How Drones Slashed First High-Speed Rail’s Surveying Costs

Jacobs/Zephyr used drones to bring down the costs of surveying a 42-mile section of what is to be the nation's first high-speed rail system. The aerial images were used to develop these base maps for track plans.
Image: Flickr

Drones were used to map a 42-mile section of the nation’s first high-speed rail project in an active, urbanized transit corridor. Use of UAVs in place of traditional surveying brought down project costs and timelines.

Editor’s Note: The California High-Speed Rail Authority aims to connect the San Francisco and Los Angeles mega regions bringing travelers 800 miles in under three hours — by 2029. Jacobs/Zephyr UAS used drones to complete aerial mapping for a densely populated 42-mile section, with both passenger and freight right-of-way, in just eight weeks. Use of unmanned aerial vehicles (UAVs) reduced traditional surveying costs by 86 percent, and decreased the timeline for surveying significantly. In addition to using senseFly eBee drones, the engineering team also used various Bentley software platforms to generate track plans from the aerial data collected under a tight timeline for pre-engineering tasks.

The following summary of the project, a 2017 Bentley ‘Be Inspired’ award finalist, is reprinted with permission from Bentley Systems and Jacobs/Zephyr UAS. 

Project

The California High Speed Rail Authority is planning the first high-speed rail system in the United States. When complete passengers will be able to travel from San Francisco to Los Angeles in under three hours at speeds greater than 200 miles per hour. Jacobs/Zephyr UAS is responsible for developing preliminary engineering design plans to support environmental assessment of the potential impact of the USD 3 billion project on the surrounding infrastructure. The team faced numerous challenges, including a tight schedule, collecting data in the active corridor and constant traffic interruptions.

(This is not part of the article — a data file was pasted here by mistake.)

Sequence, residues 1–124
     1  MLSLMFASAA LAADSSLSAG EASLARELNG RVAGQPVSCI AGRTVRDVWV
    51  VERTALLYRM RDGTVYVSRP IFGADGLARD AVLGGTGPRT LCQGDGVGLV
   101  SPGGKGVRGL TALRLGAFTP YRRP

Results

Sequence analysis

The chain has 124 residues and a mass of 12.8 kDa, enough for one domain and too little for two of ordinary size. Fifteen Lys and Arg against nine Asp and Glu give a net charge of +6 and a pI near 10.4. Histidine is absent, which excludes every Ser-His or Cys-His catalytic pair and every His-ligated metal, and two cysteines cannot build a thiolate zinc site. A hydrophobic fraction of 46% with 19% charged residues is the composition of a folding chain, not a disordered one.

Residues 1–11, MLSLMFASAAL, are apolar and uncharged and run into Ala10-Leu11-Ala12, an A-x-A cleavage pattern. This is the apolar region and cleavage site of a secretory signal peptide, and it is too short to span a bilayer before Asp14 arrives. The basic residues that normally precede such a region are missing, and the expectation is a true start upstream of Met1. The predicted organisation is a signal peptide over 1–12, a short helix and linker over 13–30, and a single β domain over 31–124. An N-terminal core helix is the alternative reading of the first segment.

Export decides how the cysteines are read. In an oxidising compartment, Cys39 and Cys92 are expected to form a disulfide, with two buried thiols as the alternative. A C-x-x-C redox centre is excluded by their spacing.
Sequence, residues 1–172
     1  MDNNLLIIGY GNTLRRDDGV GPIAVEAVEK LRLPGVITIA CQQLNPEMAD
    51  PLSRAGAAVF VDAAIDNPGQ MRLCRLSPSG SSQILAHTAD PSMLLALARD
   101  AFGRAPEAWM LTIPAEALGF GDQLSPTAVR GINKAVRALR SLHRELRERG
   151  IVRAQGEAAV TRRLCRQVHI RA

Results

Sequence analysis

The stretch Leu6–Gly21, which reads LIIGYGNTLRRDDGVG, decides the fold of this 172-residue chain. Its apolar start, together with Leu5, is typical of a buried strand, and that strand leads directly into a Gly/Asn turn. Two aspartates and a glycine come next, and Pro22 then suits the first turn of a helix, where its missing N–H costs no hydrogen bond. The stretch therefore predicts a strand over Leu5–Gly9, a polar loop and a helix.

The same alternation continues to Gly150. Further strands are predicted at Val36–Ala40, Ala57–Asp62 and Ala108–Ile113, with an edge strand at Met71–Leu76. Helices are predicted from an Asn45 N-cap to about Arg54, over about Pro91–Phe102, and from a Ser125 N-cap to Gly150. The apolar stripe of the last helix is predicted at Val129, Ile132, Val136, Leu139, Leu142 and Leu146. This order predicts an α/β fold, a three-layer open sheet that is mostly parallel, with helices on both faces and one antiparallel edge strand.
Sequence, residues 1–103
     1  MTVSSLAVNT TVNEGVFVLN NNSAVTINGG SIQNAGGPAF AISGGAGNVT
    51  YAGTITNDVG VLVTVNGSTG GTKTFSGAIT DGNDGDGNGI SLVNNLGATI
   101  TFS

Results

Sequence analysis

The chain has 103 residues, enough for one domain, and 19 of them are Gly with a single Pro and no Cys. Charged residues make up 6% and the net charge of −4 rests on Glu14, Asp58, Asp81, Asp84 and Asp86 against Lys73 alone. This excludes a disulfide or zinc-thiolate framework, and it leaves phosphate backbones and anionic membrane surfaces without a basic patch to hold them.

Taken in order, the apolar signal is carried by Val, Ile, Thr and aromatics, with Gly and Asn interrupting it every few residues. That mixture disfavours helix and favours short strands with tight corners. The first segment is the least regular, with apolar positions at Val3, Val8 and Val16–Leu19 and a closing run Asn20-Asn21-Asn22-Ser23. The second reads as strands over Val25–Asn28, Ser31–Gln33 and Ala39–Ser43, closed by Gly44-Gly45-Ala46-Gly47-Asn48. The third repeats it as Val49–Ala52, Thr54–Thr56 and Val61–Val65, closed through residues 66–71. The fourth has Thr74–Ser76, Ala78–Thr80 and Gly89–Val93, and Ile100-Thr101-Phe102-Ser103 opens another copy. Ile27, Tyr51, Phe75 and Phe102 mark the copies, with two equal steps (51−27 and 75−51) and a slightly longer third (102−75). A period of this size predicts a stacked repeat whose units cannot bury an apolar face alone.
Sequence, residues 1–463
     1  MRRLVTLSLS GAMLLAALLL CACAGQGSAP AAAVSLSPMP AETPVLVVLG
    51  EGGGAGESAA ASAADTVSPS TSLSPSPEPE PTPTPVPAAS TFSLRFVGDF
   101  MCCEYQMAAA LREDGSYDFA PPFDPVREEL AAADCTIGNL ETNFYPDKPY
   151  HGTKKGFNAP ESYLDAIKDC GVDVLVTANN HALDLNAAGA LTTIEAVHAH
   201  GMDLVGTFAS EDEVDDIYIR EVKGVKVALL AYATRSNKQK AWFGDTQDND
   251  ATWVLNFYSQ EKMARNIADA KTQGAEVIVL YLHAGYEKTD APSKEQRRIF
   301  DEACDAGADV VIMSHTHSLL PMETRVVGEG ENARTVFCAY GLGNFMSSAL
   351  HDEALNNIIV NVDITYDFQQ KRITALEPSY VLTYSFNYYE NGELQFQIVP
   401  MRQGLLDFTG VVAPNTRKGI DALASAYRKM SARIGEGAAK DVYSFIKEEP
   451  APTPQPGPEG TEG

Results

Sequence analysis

Solution

The engineering team used unmanned aerial vehicles to obtain aerial mapping of the rail corridor, enabling the California High Speed Rail Authority to determine right-of-way impacts with improved accuracy while reducing the environmental footprint of the project. This created an extremely rich color ortho aerial at 1-inch per pixel resolution supporting 1-foot contours and actual, observed accuracy of better than 2 inches for digital terrain models. Once the mapping was complete, the team prepared base maps for the track plan and profiles using Bentley’s MicroStation and Power Rail Track, storing all data in ProjectWise for real-time collaboration.

Outcome

Combining the use of UAVs with Bentley technology allowed for complete aerial mapping delivery in just eight weeks, as opposed to 18 weeks using conventional manned aerial vehicles, for a 56 percent reduction in delivery time. The aerial mapping cost was originally quoted at USD 550,000, but Bentley’s software reduced these costs by 86 percent. Additionally, utilizing UAVs and Bentley applications increased aerial image quality by four times.

Ours is a project for the 21st century employing 21st century technology, so we want to make sure that we do everything better, faster, and more economically,” said Michelle Boehm, California High-Speed Rail Authority’s southern California director.

Software

Jacobs/Zephyr prepared base maps for the track plans from the aerial mapping data obtained from the UAVs with MicroStation and Power Rail Track. The geographically dispersed project team used ProjectWise to facilitate efficient file sharing, distribution and version control. The interoperability of Bentley applications was crucial to meeting the aggressive project deadline.

Learn more about the urban obstacles the Jacobs/Zephyr UAS team overcame to obtain high-quality aerial imagery on GIM International.

Watch a presentation on the process that resulted in the selection of drones for surveying this piece of the country’s first high-speed rail project:

Read more about drones testing on EfficientGov:

5 UK Cities to Test Drones in Urban Environments

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